It’s Tuesday once again and we know that means it’s time for another great tutorial from one of you! This week our How To’sday is an awesome tutorial on Distress Ink by Charissa Miller.

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I have recently gotten into using lots of Distress Inks for cards and other projects. I wanted to write up a tutorial on the basics of Distress Inks. They really are very easy to use and create such a great look.

The first thing to know about Distress Inks is that it makes sense to buy in color families so you can do blending. For example, buy three blues (such as three of them I use in this tutorial) or three reds or three browns. You, of course, can buy single colors, but these inks really do their best magic when they are blended.

For my project I chose four distress inks: three blues (lightest to darkest) and one purple

Tumbled Glass, Broken China and Faded Jeans and Dusty Concord.

To use them you just need a piece of cardstock. You can use a colored cardstock if wanted, though I mostly use white or cream cardstock so the colors of the Distress Inks can really shine.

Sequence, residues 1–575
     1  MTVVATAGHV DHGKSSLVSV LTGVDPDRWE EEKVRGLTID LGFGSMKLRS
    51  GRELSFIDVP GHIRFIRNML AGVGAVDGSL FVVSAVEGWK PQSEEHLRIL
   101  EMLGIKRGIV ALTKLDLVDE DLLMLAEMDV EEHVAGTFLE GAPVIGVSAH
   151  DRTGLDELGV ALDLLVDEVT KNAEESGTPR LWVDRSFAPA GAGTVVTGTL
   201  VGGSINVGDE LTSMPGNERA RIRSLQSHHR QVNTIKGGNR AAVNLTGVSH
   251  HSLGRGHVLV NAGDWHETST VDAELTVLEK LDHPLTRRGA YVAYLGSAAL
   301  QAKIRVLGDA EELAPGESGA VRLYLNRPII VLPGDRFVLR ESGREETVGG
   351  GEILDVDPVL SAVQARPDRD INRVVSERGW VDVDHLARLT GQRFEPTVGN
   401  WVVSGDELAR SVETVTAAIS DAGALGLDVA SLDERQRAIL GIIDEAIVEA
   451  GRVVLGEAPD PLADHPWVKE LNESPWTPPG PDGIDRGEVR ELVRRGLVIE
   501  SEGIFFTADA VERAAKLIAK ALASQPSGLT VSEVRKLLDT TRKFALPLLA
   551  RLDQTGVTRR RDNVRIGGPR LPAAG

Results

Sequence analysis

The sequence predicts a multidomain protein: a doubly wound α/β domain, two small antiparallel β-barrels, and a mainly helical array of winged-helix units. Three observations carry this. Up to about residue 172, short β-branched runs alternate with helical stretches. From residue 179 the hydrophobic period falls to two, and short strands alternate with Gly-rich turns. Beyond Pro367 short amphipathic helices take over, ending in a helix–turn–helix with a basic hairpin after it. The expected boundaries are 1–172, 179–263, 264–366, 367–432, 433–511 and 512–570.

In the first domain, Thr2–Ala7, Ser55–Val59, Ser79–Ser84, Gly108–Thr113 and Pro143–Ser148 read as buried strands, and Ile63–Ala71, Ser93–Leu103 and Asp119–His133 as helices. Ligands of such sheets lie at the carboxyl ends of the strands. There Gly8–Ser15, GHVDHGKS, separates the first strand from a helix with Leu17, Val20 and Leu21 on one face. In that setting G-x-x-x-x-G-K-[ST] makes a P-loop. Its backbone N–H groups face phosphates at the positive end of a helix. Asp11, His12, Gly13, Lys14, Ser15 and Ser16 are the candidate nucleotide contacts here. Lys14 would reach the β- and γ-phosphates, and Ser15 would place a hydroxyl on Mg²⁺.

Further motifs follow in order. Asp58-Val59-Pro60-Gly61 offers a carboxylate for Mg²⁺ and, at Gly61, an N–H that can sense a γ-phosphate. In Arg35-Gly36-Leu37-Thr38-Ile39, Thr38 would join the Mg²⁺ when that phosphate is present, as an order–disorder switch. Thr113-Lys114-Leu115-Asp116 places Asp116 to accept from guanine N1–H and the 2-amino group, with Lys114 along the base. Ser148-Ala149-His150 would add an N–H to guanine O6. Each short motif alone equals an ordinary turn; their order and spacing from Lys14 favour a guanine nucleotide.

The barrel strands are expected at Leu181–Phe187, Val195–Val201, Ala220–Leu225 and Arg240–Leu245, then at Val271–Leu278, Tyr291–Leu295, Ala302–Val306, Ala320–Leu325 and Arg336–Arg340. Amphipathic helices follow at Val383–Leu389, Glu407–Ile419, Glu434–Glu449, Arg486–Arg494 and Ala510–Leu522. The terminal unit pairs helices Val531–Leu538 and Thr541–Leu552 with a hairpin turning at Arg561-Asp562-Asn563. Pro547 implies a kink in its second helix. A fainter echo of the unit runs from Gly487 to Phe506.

I use the Inkessentials tool from Ranger.  The foams simply stick onto the tool and are easily removed. You need a foam for each color or else you will not get the true colors from the inks.  I have decided that I also need a few more of the tools, so that I do not have to constantly change my foams when doing a project, but that is not really required.

You will notice that I have a piece of paper beneath the cardstock I am going to work with This is because when you apply Distress Inks you start with your foam off the page and blend it onto the page. You can see where I have both a green and a brown Distress Ink color on the page already. If you start with the foam on the page you end up with a nice impression of the foam, which while not bad, it doesn’t give the smooth blended look Distress Inks are known for.

I started with Tumbled Glass and covered the entire piece of cardstock. You can see from the photo that the way Distress Inks are formulated gives darker and lighter areas without any effort. From there I did Broken China on 3/4 up the page, Faded Jeans on ½ up the page, and then I used my darkest color Dusty Concord on the bottom ¼ of the page.

Here is how they look all on the paper.

It looked pretty good on my first pass, but I went ahead and worked in reverse (darkest to lightest) making sure that all of my colors were well blended with no sharp lines anywhere.

Here is what it looked like after I touched it up. I then decided to add a little bit of texture to it using a cloud stamp I had and some glittery clear embossing on Versamark which I heat embossed.

It’s a subtle effect but it brings out the idea of the sky from the Distress Ink coloring.

Here is the card I ended up making with this cardstock piece.  I inked the edges of the light blue cardstock with Broken China to help it pop.

Distress Inks are a lot of fun and make a nice addition to your ink/stamping stash! They come in a wide variety of colors and you can do so many different things with them beyond this basic inking technique.